Yeah!

368. Yeah!

I recently had a return of breast cancer after ten years of remission. I scheduled surgery and had an interesting happening as I headed through the days before the actual surgery date.

During my first bout of cancer, I had determined to do a number of alternative things in addition to the medical model and one of them was to have a positive outlook. I felt that way the second time too.

But the reality was that I also recognized that things happen in surgery. Something can happen with the anesthesia. I probably don’t even know all the possibilities of things that can happen, but there just was a general recognition on my part that things happen and occasionally someone who goes in for surgery, dies there.

I didn’t obsess about this. I didn’t spent vast amounts of time on it. I just recognized within myself that it could in fact happen. I decided that if it did happen, well I have a strong faith and believe that it’s not so much a death as it is a transition and I could do that.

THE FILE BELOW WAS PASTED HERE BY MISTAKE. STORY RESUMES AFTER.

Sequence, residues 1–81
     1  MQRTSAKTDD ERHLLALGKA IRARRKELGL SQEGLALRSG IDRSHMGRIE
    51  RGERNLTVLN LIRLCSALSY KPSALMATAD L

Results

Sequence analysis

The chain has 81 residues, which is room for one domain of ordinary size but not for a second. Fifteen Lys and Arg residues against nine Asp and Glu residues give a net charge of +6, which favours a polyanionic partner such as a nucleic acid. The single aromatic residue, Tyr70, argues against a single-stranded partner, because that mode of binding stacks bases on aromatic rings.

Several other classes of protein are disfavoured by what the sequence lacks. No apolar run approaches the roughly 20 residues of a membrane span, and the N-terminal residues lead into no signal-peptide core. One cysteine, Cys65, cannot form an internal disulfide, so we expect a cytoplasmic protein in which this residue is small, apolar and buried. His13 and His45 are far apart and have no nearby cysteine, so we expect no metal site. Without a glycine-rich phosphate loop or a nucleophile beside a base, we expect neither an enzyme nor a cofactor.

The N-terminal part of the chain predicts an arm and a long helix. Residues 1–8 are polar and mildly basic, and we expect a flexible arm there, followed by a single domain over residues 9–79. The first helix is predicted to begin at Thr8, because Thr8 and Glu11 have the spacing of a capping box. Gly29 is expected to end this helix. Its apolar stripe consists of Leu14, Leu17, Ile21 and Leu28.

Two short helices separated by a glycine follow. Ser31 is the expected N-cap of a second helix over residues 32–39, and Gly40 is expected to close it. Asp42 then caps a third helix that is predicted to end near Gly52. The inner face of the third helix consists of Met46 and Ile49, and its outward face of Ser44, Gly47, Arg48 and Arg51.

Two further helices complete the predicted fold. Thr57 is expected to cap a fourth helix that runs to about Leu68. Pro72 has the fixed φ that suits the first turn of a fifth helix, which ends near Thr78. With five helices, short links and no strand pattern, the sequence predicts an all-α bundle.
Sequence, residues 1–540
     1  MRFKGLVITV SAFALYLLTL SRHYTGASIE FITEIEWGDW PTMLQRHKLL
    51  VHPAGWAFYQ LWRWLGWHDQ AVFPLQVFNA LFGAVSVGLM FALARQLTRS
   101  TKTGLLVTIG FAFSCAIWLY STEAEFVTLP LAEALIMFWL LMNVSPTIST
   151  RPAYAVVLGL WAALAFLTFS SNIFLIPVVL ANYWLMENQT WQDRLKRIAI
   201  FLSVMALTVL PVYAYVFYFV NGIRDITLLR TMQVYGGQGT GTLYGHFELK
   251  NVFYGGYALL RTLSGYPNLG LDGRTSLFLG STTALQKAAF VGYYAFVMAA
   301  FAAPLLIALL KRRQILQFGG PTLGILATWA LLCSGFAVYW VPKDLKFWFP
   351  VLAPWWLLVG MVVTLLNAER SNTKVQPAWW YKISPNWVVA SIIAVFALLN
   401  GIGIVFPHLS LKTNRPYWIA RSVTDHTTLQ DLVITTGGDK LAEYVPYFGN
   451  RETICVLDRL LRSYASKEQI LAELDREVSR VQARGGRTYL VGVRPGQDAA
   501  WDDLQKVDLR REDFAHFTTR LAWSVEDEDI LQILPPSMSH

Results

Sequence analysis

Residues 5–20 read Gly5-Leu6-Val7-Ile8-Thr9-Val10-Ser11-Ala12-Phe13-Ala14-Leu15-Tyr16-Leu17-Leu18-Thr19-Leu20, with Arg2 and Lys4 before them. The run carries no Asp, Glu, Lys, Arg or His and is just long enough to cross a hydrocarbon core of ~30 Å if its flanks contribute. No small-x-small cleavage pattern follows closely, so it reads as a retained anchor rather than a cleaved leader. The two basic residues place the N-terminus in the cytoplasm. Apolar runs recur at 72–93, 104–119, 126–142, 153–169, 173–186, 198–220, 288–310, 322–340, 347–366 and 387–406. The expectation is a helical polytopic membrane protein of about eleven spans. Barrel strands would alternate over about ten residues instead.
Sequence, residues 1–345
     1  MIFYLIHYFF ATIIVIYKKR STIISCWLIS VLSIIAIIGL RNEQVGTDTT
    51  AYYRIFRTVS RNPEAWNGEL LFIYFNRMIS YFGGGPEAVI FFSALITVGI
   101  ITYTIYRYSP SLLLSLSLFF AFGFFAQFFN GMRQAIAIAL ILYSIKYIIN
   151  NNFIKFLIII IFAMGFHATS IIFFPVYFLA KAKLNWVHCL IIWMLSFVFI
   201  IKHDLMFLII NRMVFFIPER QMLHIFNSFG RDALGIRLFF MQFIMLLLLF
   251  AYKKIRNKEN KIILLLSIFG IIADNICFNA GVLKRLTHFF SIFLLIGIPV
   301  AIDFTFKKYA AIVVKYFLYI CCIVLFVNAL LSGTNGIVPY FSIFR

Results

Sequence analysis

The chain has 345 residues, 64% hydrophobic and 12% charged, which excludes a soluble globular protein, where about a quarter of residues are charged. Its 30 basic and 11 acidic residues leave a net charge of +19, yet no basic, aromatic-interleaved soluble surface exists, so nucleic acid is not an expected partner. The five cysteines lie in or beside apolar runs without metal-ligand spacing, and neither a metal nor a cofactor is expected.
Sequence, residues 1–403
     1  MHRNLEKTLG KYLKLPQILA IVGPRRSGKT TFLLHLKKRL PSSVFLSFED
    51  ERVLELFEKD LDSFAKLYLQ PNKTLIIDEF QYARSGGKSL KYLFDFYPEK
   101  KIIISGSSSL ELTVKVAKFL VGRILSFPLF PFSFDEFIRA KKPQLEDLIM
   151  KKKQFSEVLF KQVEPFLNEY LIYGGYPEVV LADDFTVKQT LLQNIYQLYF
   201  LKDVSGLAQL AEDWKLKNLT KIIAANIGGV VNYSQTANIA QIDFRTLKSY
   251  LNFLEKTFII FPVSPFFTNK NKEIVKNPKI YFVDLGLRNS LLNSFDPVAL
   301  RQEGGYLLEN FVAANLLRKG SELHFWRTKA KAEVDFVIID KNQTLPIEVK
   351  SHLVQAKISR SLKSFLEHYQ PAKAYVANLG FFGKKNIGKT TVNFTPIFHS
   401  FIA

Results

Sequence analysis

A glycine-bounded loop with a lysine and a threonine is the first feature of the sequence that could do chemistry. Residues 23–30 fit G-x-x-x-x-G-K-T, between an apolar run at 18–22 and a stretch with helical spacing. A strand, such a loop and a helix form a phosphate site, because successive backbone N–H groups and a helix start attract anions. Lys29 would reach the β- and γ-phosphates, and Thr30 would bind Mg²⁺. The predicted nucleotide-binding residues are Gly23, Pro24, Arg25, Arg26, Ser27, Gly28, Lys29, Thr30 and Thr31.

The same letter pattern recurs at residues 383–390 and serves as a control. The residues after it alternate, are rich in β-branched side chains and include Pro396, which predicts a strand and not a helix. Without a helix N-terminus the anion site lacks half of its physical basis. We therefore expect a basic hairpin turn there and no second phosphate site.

As the surgery date grew closer I also recognized the things that I had hoped to get caught up and didn’t, and if I died, what a mess that would be for my children. Oh well…what didn’t get done didn’t get done.

And then the date came. Since we had to be at the hospital at 7am, and were about an hour or so away, we booked a hotel that was seven minutes a way and two of my daughters and I spent the evening at the hotel. The morning of surgery dawned. And things began to click—you’re checked in, you had one procedure done, you get ready for the surgery itself, they call your daughters back in the room where you are waiting, there is a delay and you chit-chat for 45 minutes.

I told them, “As I leave on this stretcher I’m going to say ‘8—16—2.’” They said, “What does that mean?” And I said, “That’s my family—remember I love them—four children and their partners is the eight; sixteen grandchildren is the sixteen; and my former husband and his wife are the two.” They laughed.

The nurse came and said, “We’re ready.” I smiled at those daughters and said, “8—16—2.” They said, “O.K.” and off we went. I woke up in recovery and felt good. So good that as we left the recovery area, one daughter said, “Do you want to go home, or do you want to get some lunch” I said, “Let’s go to lunch.” And off we went.

I slept well that night and as I woke up the next morning and the sun came beaming through the window, I thought—YES! I may be ready to die, but this isn’t the time. I’ve got a new day!

Yeah!

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